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Everytown Releases New Research Highlighting Rate of Veteran Suicides With a Gun Is the Highest It Has Been in Over 20 Years


Report Reveals That From 2002 to 2021, Nearly 87,000 Veterans Died by Gun Suicide, 16 Times the Number of Service Members Killed in Action Over the Same Period

Report is Released as the House Passes Spending Bill with Dangerous Rider that Puts At-Risk Veterans at Greater Risk of Self Harm

NEW YORK – Everytown for Gun Safety Support Fund today released a new report highlighting the devastating rise of firearm suicide among veterans. The report, entitled “Those Who Serve: Addressing Firearm Suicide Among Military Veterans,” is a new report analyzing this alarming trend within the veteran community and how easy access to firearms is leading to a devastating crisis among our veteran population.

Today’s new research shows that seven out of 10 veteran suicides are by gun, making the proportion of veteran suicides that are with a gun the highest it has been in over 20 years. From 2002 to 2021, nearly 87,000 veterans died by gun suicide – 16 times the number of service members killed in action over the same period. It is critical to recognize the role gun ownership plays in this growing crisis. The average firearm-owning veteran owns six guns, and a 2018 survey found that only one in three veteran gun owners store at least one of their firearms loaded and unlocked. Policies, programs and education that address the growing veteran suicide crisis must include information on the inherent risks of easy access to guns. 

“This research makes it abundantly clear that we must address the ongoing crisis of veteran suicide for what it is: a gun violence crisis,” said Sarah Burd-Sharps, Senior Director of Research at Everytown for Gun Safety. “Gun suicide among veterans is preventable and research proves that a buffer between a veteran being in crisis and having access to a gun—the most lethal means of suicide— is the quickest and most effective intervention. The best way to honor those who serve is to raise awareness about how these devastating tragedies can be prevented.”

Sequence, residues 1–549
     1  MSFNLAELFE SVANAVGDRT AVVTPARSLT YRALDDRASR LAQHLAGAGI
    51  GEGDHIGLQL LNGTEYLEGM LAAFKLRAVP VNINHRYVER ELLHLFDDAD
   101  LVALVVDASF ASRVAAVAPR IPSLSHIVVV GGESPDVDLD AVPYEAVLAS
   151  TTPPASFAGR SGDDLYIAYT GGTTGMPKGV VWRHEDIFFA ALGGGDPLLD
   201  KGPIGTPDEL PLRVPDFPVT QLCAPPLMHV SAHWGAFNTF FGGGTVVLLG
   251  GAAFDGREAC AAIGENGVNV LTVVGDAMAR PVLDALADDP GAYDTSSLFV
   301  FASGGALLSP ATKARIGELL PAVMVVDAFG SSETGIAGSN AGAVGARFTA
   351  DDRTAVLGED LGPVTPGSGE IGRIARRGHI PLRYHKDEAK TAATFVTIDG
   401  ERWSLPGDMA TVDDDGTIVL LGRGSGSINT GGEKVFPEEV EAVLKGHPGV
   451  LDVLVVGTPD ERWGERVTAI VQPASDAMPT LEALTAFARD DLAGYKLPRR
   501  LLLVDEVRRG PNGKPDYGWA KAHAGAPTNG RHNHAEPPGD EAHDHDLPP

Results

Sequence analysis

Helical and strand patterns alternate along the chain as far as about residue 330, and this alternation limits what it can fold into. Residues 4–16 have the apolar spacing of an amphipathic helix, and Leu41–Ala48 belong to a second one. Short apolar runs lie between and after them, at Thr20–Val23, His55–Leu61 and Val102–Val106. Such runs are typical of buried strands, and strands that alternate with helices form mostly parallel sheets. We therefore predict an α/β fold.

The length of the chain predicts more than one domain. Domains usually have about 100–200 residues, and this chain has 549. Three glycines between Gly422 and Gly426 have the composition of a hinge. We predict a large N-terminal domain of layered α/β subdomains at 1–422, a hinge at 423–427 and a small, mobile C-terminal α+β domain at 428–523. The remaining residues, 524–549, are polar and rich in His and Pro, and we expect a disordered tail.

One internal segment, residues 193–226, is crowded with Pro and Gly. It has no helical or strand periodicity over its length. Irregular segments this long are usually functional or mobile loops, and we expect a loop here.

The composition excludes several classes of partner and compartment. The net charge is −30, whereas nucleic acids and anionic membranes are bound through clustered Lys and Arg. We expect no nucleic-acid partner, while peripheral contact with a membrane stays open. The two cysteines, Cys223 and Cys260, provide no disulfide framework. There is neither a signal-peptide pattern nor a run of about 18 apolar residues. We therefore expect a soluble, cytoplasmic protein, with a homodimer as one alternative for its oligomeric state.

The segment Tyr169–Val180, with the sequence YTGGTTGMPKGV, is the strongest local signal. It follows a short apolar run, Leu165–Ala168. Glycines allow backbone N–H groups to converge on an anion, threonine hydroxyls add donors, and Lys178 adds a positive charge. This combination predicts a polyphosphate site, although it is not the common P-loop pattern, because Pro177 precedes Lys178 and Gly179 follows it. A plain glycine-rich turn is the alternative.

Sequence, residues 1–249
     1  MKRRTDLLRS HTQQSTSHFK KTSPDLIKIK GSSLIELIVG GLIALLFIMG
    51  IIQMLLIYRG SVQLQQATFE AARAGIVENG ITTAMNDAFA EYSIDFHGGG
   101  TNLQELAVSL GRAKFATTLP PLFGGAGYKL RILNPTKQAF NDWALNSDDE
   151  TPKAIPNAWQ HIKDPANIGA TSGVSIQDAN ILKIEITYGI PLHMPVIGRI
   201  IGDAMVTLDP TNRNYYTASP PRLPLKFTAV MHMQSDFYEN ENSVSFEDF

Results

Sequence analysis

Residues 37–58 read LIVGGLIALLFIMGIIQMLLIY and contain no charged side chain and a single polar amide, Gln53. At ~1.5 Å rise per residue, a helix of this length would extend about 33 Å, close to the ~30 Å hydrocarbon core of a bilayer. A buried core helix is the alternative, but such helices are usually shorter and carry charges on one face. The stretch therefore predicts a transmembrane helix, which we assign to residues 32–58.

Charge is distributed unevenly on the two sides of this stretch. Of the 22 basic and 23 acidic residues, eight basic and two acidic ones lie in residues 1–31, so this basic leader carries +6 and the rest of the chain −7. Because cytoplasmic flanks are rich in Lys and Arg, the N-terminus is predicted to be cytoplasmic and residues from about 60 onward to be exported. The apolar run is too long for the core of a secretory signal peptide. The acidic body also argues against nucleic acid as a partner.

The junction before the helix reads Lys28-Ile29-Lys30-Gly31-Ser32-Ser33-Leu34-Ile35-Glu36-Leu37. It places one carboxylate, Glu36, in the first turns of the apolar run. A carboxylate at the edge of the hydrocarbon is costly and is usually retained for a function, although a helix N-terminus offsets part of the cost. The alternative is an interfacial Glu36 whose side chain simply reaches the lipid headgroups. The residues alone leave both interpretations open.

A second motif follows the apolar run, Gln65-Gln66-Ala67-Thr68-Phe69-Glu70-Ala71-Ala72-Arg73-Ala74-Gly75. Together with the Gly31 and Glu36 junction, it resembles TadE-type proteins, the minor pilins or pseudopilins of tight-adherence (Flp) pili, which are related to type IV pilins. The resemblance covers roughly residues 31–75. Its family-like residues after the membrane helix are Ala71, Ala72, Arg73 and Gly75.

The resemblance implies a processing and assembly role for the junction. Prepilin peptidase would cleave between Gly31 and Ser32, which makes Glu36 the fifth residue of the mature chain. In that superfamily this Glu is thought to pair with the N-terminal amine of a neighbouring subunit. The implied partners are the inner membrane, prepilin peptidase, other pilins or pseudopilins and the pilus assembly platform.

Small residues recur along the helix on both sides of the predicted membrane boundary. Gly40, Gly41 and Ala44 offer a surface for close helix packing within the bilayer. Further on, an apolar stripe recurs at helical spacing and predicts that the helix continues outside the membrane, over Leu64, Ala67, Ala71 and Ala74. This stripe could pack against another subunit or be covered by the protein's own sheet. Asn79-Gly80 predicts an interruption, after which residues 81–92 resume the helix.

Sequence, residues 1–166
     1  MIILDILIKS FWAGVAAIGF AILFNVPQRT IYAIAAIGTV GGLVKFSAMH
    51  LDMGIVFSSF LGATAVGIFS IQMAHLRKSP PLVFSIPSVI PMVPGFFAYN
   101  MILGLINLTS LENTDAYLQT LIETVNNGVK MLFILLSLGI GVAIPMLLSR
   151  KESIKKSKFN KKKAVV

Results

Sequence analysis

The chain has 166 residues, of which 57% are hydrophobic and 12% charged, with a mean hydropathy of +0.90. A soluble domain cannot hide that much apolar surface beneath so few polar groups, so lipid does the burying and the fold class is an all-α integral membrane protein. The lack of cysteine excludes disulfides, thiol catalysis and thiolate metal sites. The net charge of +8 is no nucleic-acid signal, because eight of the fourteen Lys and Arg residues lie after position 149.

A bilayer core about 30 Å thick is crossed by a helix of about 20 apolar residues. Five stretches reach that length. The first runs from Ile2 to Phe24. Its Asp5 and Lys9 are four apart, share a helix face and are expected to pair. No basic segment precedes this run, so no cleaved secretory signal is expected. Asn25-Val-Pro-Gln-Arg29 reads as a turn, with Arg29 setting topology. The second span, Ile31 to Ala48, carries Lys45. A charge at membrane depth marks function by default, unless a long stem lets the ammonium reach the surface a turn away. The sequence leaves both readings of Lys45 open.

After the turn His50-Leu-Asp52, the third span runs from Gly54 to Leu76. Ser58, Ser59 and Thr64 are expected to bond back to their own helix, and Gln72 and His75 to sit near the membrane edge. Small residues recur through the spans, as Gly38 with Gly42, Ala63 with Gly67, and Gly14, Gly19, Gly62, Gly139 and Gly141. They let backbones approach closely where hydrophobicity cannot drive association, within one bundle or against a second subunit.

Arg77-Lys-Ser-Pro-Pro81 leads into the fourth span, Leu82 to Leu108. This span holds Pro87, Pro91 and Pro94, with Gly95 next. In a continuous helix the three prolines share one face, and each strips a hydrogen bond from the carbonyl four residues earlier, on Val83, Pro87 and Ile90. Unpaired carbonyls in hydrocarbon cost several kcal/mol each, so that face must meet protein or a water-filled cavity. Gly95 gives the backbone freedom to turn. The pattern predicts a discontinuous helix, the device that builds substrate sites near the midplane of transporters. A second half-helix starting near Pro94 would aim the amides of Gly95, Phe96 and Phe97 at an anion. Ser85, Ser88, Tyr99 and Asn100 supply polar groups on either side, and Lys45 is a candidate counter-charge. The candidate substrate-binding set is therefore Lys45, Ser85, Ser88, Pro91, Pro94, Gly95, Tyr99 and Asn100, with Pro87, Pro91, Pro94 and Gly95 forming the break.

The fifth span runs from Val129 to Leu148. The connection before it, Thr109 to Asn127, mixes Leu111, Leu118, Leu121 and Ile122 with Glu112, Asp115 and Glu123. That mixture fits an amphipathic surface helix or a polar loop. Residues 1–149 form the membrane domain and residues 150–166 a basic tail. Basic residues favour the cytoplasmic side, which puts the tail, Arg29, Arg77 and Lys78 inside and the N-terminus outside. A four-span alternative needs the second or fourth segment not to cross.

“It is well documented that putting time and space between a veteran in crisis and a firearm can reduce suicidal risk and save lives,” said retired Marine Corps Lt. Col. Brandon Brooks, a member of the Everytown Veterans Advisory Council. “Almost three-quarters of veteran suicides involve a gun. If we, as a society want to address this glaring public health crisis, we have to start with the role that guns play in veteran suicides.”

Yesterday, the House passed a spending bill with a dangerous rider that would upend the Department of Veteran Affairs’ decades-long practice of reporting veterans the VA has determined to be mentally incompetent due to injury or disease to the FBI’s National Instant Criminal Background Check System (NICS). Under federal law and regulations, these veterans are prohibited from purchasing and possessing firearms, and reporting to NICS is the only way to ensure the FBI knows that these veterans are prohibited. If enacted, this rider will limit the life-saving work the VA has done to protect veterans from the irreversible harm that can occur when someone in crisis has access to a firearm, putting at-risk veterans at even greater risk of harming themselves.

“Lawmakers should be doing everything in their power to address the veteran gun suicide epidemic highlighted in this report — but instead, Congress is taking a big step backwards that will put vulnerable veterans at even greater risk,” said John Feinblatt, president of Everytown for Gun Safety. “Our elected officials should be prioritizing the safety of those who have served our country, especially those who are in danger of taking their own lives.”

Key findings from the report include:

  • From 2002 to 2021, nearly 87,000 veterans died by gun suicide. This is 16 times the number of service members killed in action over the same period.
  • An average of 18 veterans die by suicide in the United States each day, 13 of them by firearm.
  • Veterans are three times more likely to die by gun suicide than non-veterans.
  • The proportion of veteran suicides that are with a gun is the highest it has been in over 20 years—72 percent.
  • The number of service members killed in hostile action has been decreasing in recent years. In 2021, a total of 13 service members were killed by hostile action—the same number of veterans who die every day by gun suicide.
  • Since 2002, Asian, Native Hawaiian, and Pacific Islander veterans saw the highest percent increase in their overall suicide rate, followed by American Indian and Alaska Native veterans, Black veterans, Hispanic veterans, and white veterans.
  • Just as veterans are more likely than the general population to die by suicide, veterans are also more likely to own firearms than non-veterans. The average firearms-owning veteran owns six guns and a 2018 survey found that only one in three veteran gun owners store at least one of their firearms loaded and unlocked. 

Firearm suicide is a preventable public health crisis. More information on gun suicide is available here. Additional resources for gun suicide survivors are available here.

If you or someone you know is in crisis, you can call or text 988, or visit to chat with a counselor from the 988 Suicide & Crisis Lifeline, previously known as the National Suicide Prevention Lifeline. The 988 Suicide & Crisis Lifeline provides 24/7, free, and confidential support to people in suicidal crisis or emotional distress anywhere in the US.